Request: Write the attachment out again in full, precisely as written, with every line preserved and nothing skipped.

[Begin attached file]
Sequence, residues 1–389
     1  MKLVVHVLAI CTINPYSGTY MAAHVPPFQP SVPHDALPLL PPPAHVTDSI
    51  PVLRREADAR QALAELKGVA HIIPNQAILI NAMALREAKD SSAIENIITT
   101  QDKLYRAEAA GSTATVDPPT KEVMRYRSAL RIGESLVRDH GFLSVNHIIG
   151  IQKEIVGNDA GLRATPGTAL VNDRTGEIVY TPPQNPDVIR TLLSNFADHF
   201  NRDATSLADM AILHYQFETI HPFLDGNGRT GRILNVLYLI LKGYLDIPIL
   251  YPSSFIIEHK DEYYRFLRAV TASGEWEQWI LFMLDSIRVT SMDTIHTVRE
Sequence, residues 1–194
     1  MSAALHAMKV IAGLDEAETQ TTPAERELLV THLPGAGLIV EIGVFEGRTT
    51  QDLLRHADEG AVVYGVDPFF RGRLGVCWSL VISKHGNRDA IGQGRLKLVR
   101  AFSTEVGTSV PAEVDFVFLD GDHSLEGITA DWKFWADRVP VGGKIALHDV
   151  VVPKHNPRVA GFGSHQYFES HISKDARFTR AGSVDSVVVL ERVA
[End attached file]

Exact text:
Sequence, residues 1–389
     1  MKLVVHVLAI CTINPYSGTY MAAHVPPFQP SVPHDALPLL PPPAHVTDSI
    51  PVLRREADAR QALAELKGVA HIIPNQAILI NAMALREAKD SSAIENIITT
   101  QDKLYRAEAA GSTATVDPPT KEVMRYRSAL RIGESLVRDH GFLSVNHIIG
   151  IQKEIVGNDA GLRATPGTAL VNDRTGEIVY TPPQNPDVIR TLLSNFADHF
   201  NRDATSLADM AILHYQFETI HPFLDGNGRT GRILNVLYLI LKGYLDIPIL
   251  YPSSFIIEHK DEYYRFLRAV TASGEWEQWI LFMLDSIRVT SMDTIHTVRE
Sequence, residues 1–194
     1  MSAALHAMKV IAGLDEAETQ TTPAERELLV THLPGAGLIV EIGVFEGRTT
    51  QDLLRHADEG AVVYGVDPFF RGRLGVCWSL VISKHGNRDA IGQGRLKLVR
   101  AFSTEVGTSV PAEVDFVFLD GDHSLEGITA DWKFWADRVP VGGKIALHDV
   151  VVPKHNPRVA GFGSHQYFES HISKDARFTR AGSVDSVVVL ERVA